Keep cool at local pools, but beware E. coli and algae

Doggy paddlers beware: Lake MacBride has reported unusually high levels of E. coli this summer -- photo by Dawn Frary
Doggy paddlers beware: Lake MacBride has reported unusually high levels of E. coli this summer —photo by Dawn Frary

Johnson County beach bums and pool-goers hoping to beat the heat in the last days of summer should be wary of the microscopic company they keep.

“August is the peak month for the blue-green algae blooms that are an increasingly common threat to Iowa Lakes during the summer,” The Press-Citizen reports.

Caused in part by sewage runoff, agricultural fertilizer and other nitrogen and phosphorous-bearing sources, these algal blooms tend to carry microcystin, a toxin that can yield a nasty rash and induce vomiting in humans, and lead to potentially fatal liver damage in small animals. (Read: keep Fido out of the water).

E. coli, meanwhile, has a pronounced presence in several Johnson County lakes and public pools. Though the effects of the bacteria (commonly associated with fecal coliform) are mitigated by the chlorine in public pools, lakes have no such sterilizing protection. Lake MacBride, in particular, has had particularly high bacteria levels this summer.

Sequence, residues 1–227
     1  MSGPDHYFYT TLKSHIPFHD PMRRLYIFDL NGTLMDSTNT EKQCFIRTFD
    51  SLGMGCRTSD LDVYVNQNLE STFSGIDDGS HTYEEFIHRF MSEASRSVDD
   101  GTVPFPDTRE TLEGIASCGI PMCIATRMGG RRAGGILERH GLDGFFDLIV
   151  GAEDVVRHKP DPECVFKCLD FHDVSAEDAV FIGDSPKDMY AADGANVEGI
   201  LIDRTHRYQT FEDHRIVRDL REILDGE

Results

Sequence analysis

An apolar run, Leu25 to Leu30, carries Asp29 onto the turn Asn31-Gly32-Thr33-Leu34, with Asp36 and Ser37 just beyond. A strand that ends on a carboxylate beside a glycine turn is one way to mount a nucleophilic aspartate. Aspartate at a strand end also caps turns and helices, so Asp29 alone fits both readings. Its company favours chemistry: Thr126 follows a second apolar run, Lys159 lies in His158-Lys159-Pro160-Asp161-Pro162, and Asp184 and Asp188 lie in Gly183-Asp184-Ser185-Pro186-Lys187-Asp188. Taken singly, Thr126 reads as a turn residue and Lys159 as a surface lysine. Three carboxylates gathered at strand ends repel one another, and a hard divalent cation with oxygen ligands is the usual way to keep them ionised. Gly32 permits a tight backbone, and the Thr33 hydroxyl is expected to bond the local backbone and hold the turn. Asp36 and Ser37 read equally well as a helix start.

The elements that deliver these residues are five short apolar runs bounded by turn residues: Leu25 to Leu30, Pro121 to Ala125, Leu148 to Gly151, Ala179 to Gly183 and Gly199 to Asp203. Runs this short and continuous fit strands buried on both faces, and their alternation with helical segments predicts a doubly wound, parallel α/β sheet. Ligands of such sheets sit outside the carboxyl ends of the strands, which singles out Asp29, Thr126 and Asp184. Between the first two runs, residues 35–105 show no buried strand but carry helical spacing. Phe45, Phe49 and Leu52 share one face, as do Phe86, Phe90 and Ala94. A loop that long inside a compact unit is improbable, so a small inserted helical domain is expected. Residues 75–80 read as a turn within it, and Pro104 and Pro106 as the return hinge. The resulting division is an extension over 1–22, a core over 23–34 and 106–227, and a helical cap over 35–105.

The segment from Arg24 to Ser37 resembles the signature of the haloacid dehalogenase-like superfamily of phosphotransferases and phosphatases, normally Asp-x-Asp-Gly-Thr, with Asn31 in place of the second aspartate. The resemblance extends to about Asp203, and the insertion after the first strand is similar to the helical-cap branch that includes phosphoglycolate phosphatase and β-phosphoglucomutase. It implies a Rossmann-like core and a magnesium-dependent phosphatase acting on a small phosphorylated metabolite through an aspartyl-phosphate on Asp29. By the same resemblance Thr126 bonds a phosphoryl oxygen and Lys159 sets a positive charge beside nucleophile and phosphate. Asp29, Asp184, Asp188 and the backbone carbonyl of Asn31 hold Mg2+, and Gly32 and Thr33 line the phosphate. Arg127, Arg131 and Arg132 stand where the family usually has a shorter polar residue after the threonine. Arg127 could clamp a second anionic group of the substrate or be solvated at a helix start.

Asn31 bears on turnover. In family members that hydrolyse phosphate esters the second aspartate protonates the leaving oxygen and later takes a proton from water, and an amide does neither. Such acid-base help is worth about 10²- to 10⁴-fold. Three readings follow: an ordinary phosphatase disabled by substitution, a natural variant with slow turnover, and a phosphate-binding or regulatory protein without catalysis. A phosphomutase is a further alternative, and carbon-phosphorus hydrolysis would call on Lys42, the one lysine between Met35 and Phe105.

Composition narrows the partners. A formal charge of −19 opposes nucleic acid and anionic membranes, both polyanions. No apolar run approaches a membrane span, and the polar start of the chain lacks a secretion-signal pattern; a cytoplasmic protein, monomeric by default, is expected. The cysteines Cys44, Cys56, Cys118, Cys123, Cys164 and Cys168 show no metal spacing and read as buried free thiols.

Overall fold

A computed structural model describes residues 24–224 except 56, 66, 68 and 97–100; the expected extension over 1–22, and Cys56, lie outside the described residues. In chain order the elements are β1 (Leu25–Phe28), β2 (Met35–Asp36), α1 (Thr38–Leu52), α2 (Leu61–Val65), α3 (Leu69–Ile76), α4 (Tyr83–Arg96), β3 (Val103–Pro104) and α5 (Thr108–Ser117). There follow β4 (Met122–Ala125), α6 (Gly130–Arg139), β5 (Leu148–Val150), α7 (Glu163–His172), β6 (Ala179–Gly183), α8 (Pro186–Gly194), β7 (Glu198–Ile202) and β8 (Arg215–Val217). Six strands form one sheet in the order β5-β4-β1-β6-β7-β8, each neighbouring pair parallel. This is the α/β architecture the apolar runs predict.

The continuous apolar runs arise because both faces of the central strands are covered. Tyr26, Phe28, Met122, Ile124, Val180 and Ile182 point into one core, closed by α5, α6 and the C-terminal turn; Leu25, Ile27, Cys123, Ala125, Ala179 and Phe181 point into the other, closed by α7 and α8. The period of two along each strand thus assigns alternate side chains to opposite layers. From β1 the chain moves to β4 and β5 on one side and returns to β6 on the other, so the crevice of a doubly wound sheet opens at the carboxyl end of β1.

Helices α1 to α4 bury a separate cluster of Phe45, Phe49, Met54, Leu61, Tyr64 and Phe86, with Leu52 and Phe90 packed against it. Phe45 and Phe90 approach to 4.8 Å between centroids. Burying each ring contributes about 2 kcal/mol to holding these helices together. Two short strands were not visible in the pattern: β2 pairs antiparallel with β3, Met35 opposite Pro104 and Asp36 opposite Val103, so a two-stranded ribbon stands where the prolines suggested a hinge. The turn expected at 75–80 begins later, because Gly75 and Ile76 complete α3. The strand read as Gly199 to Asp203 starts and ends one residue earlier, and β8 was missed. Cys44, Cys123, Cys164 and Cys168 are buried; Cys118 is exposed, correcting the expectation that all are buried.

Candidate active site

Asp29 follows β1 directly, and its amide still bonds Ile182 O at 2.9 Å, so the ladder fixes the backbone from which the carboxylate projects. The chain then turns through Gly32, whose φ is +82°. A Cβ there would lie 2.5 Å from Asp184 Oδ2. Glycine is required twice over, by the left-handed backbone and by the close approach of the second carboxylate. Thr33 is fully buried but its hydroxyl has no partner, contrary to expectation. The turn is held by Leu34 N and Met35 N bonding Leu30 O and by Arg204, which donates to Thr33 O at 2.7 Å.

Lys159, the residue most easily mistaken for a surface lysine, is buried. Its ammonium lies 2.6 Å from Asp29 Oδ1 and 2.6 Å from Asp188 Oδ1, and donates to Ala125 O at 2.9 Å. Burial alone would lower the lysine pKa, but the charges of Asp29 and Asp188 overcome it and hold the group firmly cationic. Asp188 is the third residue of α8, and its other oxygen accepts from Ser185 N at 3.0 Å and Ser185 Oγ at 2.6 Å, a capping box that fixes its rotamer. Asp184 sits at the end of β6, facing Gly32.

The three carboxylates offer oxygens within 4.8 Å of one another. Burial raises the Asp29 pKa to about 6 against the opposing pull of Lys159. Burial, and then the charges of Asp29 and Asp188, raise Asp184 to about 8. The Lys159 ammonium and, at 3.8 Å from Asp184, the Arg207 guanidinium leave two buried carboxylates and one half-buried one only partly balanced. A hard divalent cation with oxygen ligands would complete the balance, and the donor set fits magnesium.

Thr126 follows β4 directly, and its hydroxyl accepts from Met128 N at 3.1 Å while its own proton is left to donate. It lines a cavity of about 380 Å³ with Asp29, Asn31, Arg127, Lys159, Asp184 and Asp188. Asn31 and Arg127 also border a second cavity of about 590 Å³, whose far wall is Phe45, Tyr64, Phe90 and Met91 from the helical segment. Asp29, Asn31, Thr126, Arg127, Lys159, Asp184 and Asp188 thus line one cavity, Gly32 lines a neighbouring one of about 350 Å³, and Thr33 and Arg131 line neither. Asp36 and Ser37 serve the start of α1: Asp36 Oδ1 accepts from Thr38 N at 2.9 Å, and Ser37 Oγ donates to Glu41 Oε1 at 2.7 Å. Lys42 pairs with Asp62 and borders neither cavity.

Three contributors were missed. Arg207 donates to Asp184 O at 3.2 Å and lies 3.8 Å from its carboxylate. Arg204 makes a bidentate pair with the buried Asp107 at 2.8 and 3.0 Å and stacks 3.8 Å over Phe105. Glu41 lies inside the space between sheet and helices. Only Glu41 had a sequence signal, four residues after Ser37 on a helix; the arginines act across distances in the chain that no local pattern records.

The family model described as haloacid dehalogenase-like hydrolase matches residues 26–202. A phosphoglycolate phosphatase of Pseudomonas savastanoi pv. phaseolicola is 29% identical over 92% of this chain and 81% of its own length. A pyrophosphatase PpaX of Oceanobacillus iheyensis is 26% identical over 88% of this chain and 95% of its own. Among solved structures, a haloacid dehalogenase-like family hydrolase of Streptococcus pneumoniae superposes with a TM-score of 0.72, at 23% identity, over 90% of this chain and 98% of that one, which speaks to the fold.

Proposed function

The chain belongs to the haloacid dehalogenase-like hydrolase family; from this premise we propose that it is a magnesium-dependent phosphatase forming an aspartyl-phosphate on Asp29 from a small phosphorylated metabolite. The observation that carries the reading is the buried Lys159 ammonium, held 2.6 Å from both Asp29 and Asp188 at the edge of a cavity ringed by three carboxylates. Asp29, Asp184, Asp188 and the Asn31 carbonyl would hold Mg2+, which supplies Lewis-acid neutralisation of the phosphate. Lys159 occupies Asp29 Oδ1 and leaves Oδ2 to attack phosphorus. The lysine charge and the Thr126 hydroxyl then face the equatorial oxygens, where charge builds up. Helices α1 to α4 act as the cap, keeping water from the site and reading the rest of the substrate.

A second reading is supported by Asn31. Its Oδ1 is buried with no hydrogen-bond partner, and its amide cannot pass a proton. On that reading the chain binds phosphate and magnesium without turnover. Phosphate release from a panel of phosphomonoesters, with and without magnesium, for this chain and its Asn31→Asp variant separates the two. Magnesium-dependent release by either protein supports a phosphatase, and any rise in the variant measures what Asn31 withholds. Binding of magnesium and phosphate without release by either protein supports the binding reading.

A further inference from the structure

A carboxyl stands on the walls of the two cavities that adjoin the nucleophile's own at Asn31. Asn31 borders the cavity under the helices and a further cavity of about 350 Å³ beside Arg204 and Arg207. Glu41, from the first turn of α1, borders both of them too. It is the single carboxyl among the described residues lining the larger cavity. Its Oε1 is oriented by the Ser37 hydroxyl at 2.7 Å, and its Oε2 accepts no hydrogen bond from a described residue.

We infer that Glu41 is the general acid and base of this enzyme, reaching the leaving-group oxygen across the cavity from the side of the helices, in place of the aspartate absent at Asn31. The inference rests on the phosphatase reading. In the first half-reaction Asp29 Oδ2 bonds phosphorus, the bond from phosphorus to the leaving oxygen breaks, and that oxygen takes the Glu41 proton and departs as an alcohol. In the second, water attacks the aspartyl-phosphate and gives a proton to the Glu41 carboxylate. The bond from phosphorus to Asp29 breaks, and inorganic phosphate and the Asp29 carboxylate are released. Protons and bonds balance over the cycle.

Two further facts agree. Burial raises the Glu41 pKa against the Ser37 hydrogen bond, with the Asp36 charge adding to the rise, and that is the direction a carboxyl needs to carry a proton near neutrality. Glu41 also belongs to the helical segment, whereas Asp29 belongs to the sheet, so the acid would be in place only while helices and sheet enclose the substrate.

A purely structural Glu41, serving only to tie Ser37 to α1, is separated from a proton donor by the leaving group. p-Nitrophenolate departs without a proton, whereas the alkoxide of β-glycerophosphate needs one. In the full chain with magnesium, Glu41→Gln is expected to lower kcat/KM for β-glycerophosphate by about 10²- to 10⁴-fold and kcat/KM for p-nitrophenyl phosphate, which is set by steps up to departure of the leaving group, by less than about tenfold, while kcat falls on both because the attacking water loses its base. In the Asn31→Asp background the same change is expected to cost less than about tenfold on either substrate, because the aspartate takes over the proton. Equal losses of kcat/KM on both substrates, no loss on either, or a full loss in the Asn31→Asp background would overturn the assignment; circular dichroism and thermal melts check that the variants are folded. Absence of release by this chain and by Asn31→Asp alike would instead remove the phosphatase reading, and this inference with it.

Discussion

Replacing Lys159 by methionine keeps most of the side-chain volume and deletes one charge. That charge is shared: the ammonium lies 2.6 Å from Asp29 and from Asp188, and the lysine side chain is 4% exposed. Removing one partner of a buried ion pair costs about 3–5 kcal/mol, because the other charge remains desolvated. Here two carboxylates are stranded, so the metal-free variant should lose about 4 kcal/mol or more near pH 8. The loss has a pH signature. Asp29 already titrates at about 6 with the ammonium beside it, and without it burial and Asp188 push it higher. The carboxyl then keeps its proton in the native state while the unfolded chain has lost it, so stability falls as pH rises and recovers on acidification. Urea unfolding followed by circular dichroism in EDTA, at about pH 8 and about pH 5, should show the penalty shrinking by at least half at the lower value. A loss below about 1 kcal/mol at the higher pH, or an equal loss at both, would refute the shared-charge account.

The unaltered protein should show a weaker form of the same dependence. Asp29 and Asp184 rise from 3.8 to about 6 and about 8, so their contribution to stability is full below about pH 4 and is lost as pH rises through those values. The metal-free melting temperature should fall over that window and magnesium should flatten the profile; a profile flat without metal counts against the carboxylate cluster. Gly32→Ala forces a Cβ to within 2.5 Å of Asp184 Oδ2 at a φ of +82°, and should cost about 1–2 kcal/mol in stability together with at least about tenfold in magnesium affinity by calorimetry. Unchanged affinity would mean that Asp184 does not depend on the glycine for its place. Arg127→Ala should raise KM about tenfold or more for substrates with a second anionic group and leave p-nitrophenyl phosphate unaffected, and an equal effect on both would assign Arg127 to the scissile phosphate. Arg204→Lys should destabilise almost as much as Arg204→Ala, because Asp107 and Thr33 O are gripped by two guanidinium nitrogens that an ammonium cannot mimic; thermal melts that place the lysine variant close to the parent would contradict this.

Swimmers are advised to wash immediately after swimming and, of course, to refrain from swallowing pool and lake water.


  1. The high E. coli measurements at Lake MacBride seem to stem from all of the goose droppings on the beach, the location of the published results. Readings out in the lake, away from that area, are minimal. The iCows (Iowa City Open Water Swimmers) have been swimming the lake all summer without any illness attributable to the lake.

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